Cairo: The City Victorious

Cairo The City Victorious From a noted journalist who has spent much of his life in Cairo here is a dazzling cultural excavation of that most ancient colorful and multifaceted of cities The seat of pharaohs and sultans the

  • Title: Cairo: The City Victorious
  • Author: Max Rodenbeck
  • ISBN: 9780679767275
  • Page: 307
  • Format: Paperback
  • From a noted journalist who has spent much of his life in Cairo, here is a dazzling cultural excavation of that most ancient, colorful, and multifaceted of cities The seat of pharaohs and sultans, the prize of conquerors from Alexander to Saladin to Napoleon, Cairo nicknamed the Victorious has never ceased reinventing herself.With intimate knowlege, humor, and affectiFrom a noted journalist who has spent much of his life in Cairo, here is a dazzling cultural excavation of that most ancient, colorful, and multifaceted of cities The seat of pharaohs and sultans, the prize of conquerors from Alexander to Saladin to Napoleon, Cairo nicknamed the Victorious has never ceased reinventing herself.With intimate knowlege, humor, and affection, Rodenbeck takes us on an insider s tour of the magnificent city its backstreets and bazaars, its belly dance theaters and hashish dens, its crowded slums and fashionable salons, its incomparably rich past and its challenging future Cairo The City Victorious is a unique blend of travel and history, an epic, resonant work that brings one of the world s great metropolises to life in all its dusty, chaotic beauty.

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      Published :2018-05-10T10:41:17+00:00

    One thought on “Cairo: The City Victorious”

    1. No book has fully captured the essence and spirit of Cairo the way this book did. Written with thorough research and an awe inspiring eye for detail that could only come from an insider, this book is a testimony to the author's unsurpassed experience with the city, its history, its people, and his overriding passion for the place. As a Cairene myself, I have to say my eyebrows were raised more than once at the astonishing detail I thought few people could convey with such command, I caught mysel [...]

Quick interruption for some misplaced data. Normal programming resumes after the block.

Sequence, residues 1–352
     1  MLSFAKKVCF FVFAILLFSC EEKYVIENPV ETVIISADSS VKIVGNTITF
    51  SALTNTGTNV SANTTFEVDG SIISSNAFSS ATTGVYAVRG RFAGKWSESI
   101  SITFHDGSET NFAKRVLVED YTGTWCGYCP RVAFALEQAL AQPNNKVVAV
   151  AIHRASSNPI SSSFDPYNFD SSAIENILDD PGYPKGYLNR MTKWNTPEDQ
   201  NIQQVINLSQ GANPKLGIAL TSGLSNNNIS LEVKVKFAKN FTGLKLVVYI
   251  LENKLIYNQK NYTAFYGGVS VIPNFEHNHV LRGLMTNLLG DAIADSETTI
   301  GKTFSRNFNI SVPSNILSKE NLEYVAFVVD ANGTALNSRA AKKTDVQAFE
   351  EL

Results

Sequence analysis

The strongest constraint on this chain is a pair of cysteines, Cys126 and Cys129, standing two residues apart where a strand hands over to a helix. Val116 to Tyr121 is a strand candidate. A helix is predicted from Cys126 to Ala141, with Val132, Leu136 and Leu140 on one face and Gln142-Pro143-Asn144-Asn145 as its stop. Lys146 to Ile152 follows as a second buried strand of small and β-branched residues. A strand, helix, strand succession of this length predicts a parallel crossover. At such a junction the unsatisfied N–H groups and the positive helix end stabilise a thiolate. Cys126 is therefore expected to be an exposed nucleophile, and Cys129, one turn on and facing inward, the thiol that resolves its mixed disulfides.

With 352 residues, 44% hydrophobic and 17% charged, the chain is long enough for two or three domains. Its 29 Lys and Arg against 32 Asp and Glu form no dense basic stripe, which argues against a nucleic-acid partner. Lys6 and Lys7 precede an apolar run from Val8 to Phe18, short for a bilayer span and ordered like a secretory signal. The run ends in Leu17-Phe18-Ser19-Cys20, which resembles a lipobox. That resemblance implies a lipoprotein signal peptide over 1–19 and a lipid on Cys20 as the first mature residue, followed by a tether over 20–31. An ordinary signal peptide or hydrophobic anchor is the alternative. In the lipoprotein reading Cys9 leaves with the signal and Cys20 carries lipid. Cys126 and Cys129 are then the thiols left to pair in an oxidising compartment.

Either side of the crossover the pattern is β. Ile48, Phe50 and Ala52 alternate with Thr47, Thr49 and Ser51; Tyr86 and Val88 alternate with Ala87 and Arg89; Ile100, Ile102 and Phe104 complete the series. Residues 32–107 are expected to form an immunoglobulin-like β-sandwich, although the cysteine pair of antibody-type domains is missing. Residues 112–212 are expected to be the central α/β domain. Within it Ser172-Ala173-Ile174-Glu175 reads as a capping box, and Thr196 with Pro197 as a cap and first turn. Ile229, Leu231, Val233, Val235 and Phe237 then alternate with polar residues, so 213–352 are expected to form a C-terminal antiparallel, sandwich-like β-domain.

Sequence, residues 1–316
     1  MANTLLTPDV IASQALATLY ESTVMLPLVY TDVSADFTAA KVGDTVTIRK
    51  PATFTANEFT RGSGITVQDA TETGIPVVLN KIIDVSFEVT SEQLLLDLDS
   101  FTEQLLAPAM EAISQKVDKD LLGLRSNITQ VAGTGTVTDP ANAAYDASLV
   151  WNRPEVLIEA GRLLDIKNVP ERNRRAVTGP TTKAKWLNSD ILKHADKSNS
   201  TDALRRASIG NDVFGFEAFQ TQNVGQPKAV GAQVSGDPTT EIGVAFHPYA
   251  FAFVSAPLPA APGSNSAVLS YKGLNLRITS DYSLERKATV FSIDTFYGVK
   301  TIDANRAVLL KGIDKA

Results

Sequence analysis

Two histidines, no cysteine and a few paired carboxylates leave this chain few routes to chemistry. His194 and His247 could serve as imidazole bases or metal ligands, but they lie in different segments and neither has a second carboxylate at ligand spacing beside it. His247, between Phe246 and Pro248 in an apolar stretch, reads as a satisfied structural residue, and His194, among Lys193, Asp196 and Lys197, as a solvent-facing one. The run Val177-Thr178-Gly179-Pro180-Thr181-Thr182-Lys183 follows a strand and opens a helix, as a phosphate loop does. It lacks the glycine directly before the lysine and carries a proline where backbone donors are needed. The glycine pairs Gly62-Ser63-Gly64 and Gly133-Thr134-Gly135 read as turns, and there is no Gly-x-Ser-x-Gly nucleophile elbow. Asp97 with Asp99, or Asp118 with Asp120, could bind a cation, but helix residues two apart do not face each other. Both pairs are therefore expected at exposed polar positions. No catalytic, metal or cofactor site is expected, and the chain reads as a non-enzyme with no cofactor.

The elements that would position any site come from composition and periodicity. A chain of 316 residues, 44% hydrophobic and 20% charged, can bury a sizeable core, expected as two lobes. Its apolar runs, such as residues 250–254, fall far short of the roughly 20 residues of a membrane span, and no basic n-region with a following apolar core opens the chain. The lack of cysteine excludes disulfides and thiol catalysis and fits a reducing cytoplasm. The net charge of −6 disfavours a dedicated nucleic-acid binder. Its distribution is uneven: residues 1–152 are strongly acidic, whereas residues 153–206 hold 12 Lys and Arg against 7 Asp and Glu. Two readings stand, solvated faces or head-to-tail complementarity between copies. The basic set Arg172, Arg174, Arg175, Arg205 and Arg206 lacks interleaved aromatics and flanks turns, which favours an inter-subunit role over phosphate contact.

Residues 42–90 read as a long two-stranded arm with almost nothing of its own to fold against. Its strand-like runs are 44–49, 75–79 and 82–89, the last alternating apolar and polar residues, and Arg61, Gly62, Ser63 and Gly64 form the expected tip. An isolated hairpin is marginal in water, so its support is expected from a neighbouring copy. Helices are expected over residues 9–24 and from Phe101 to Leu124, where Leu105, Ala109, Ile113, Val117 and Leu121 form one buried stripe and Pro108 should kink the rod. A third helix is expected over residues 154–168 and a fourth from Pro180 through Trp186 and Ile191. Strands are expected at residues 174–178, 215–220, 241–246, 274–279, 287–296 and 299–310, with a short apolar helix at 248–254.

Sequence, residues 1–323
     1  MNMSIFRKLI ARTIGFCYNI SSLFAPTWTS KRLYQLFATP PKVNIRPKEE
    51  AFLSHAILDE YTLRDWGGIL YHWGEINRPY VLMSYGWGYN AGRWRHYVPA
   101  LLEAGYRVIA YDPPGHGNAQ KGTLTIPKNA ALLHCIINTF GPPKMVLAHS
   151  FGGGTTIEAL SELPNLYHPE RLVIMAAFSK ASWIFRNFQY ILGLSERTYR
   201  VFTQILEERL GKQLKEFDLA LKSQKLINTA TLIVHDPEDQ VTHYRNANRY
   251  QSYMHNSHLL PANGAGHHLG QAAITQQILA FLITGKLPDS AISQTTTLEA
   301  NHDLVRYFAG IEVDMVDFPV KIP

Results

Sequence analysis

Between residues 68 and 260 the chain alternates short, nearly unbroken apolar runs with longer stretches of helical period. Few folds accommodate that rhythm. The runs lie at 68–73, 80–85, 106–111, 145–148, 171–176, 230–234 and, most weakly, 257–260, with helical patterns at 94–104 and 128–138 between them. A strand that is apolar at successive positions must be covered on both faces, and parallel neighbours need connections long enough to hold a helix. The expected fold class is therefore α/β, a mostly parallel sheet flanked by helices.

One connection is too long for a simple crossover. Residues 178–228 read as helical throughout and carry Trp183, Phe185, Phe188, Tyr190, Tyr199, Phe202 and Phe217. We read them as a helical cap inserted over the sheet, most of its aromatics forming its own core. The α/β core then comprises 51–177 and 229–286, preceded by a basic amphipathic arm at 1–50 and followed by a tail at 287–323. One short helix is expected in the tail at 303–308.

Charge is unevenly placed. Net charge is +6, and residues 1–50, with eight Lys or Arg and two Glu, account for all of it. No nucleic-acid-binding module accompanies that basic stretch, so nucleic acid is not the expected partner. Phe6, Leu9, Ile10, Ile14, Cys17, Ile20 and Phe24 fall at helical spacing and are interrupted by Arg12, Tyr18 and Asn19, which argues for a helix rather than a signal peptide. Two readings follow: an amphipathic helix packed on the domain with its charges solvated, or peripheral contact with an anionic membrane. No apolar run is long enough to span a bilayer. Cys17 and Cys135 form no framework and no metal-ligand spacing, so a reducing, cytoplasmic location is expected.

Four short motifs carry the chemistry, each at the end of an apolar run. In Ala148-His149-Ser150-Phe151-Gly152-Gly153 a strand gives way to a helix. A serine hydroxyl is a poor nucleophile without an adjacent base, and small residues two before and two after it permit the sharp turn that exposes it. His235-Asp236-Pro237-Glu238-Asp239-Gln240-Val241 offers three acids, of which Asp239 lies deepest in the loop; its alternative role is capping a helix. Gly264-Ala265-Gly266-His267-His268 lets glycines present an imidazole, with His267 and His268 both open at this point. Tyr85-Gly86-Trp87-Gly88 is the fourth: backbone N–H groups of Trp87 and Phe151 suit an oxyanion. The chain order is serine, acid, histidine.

2. Had this been a history book on, say, Cadbury's Creme Egg then maybe its often frustrating narrative would not matter all that much. But this being a book on one of the most important and ancient hubs of civilization in human history it does matter. Admittedly, the writer states that he is after a fusion of history and descriptive travelogue and furthermore that ''e writing would be difficult, but, if the story were to loop and tangle and digress, well, that too would be in the character of Cair [...]

    3. It is close by at first, starting with the intimate pock of the microphone and discreet , would not need to eb all hearing to hear it. An electric cloud of sound accumulates and holds, suspended over the city for a full minute by the loudspeakers of some 15,000 mosques, before dissolving piecemeal into the twitter of the waking birds.Cairo A City Victorious is a great book. In 267 pages it takes the reader from Egypt in the time of the Pharaohs up to the age of Mubarak. Its honest in its telling [...]

    4. A well-written, well-paced history/travelogue of Cairo from a man who has spent the better part of his life there. I would HIGHLY recommend it to anyone who is traveling in Egypt -- it's a great read while you're there, experiencing all the things he's talking about. It definitely enriches your experience.

    5. Full of anecdotes and history from Cairo's beginnings, thousands of years ago, right up through the end of the 20th century. Rodenbeck's love for Cairo -combined a journalist's curiosity, adventurousness, interest in people and change, along with seeking out the reasons and perspectives about it - give this book a certain warmth as well as being incredibly informative. It is like getting the scoop from some well-traveled friend. My only wish at the end was that it continued on to even more curre [...]